4m 36s
    6. Adding explosion clusters
      6m 43s
    7. Optimizing the explosion
      7m 30s
    8. Animating smoke with particles
      12m 45s
  5. 32m 18s
    1. Introduction to staggers
      1m 5s
    2. Animating a simple stagger
      5m 8s
    3. Animating a diving board
      6m 15s
    4. Animating a tremor
      5m 56s
    5. Animating a scream
      7m 12s
    6. Refining the scream
      6m 42s
  6. 47m 49s
    1. Introduction to Virtual Camera
      5m 4s
    2. Animating parallax
      6m 9s
    3. Animating a crane shot
      6m 26s
    4. Animating a zoom and rotate shot
      9m 30s
    5. Animating a track shot
      11m 0s
    6. Lighting a 3D shot
      9m 40s
  7. 19m 48s
    1. Animating a cross dissolve
      6m 10s
    2. Animating a wipe
      3m 34s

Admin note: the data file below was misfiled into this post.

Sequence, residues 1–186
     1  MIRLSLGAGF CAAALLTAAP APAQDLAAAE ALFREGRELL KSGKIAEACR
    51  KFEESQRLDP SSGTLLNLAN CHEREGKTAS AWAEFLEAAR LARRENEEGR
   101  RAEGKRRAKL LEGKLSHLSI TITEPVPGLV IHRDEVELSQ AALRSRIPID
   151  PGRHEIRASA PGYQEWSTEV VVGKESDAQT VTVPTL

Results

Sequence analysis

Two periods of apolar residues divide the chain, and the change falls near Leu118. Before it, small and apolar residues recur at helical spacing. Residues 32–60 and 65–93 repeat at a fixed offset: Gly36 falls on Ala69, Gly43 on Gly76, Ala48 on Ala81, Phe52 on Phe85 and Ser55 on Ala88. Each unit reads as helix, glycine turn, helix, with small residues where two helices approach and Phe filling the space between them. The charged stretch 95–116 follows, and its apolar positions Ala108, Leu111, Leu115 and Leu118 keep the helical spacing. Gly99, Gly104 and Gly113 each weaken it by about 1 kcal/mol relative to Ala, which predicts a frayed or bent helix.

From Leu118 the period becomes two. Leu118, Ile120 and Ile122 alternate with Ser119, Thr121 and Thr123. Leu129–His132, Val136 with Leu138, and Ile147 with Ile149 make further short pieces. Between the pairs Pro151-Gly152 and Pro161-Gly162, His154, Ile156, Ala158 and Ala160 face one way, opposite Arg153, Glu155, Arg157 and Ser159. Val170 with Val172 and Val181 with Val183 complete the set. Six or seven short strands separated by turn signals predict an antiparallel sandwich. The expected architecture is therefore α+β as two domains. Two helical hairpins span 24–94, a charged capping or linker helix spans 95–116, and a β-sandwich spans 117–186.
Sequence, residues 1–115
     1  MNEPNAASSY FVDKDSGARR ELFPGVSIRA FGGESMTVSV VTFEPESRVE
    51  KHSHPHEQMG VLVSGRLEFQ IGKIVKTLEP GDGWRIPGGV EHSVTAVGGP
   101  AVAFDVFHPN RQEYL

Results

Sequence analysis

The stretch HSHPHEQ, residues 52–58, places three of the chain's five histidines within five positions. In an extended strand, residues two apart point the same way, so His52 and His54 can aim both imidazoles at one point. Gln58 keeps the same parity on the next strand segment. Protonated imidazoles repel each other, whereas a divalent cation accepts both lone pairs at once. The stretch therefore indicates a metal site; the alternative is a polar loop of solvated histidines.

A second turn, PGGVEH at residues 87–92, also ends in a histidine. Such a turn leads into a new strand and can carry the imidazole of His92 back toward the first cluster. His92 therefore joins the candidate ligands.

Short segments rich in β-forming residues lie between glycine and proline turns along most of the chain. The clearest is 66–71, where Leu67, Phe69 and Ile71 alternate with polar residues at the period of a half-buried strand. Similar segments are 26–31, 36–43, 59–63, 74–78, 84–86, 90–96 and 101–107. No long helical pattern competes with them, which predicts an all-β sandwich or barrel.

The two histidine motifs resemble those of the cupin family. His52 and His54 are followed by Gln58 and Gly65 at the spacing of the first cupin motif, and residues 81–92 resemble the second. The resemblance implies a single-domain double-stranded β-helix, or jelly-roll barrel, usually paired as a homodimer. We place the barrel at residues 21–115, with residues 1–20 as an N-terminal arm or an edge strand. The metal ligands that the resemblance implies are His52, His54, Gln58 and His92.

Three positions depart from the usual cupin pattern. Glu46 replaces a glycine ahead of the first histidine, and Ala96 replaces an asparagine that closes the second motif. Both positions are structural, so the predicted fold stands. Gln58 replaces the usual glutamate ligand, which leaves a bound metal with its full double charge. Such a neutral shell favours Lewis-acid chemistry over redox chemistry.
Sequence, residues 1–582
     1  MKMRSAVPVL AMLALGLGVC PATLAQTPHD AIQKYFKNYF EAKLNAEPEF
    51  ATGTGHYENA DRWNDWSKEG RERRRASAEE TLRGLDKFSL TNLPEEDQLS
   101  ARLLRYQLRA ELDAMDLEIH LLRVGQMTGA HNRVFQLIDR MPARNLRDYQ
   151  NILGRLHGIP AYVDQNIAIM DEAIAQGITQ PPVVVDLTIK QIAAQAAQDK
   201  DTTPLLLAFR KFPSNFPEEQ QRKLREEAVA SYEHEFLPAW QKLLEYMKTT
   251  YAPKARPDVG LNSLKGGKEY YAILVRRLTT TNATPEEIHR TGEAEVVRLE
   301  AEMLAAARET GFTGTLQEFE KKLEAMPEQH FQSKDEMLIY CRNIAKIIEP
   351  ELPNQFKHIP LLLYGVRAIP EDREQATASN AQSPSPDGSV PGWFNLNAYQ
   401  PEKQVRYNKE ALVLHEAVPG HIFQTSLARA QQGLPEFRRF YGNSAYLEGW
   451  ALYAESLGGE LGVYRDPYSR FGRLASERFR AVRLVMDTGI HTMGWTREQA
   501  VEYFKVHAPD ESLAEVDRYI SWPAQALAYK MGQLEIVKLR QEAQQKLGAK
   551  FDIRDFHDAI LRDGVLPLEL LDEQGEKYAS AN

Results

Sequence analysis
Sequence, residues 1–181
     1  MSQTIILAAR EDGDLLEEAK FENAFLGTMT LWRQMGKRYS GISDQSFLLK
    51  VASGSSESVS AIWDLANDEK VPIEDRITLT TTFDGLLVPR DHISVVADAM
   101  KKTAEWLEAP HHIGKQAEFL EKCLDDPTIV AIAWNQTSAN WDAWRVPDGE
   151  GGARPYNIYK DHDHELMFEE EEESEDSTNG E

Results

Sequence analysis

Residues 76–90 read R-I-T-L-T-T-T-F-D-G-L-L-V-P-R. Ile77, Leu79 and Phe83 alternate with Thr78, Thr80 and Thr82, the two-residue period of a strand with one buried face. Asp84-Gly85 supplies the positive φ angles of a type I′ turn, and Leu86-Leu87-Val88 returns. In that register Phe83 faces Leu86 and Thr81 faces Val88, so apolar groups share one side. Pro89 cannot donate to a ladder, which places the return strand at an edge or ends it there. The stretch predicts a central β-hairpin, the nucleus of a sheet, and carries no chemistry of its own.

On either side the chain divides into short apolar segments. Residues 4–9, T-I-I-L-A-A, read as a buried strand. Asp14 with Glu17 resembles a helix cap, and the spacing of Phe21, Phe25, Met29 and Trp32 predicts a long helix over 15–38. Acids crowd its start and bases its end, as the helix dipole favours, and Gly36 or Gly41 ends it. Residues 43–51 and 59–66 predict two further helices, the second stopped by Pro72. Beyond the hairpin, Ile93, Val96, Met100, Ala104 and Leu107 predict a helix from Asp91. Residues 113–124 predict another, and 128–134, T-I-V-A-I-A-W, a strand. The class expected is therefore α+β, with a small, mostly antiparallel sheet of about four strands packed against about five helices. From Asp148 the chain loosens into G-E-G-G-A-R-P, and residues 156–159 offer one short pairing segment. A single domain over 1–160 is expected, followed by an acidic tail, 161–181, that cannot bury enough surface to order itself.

3. Animating a fadeout
      10m 4s
  8. 20s
    1. Goodbye
      20s

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Animation Tips and Tricks with Flash Professional
5h 16m Intermediate Aug 09, 2011

Viewers: in countries Watching now:

In this course, author Dermot O' Connor introduces a variety of real-world issues that animators commonly encounter and offers practical solutions to them in Flash. The course covers how to apply gradients to create subtle texture and light characters, reducing the flat look of most cartoons; how to simulate natural phenomenon such as wind, fire, and clouds; how to mimic 3D space; and how to add fades and transitions to create custom cuts between scenes. The course also includes a look at staggers, which can be used to create camera shake, tremor effects, and extreme character reactions.

Topics include:
  • Overlapping and animating colors
  • Creating lens flares
  • Animating hair with shape tweens
  • Animating an explosion
  • Animating smoke with particles
  • Animating a scream
  • Using Virtual Cam
  • Lighting a 3D shot
  • Animating cross dissolves
Subjects:
3D + Animation Animation
Software:
Flash Professional
Author:
Dermot O' Connor

Introduction to Virtual Camera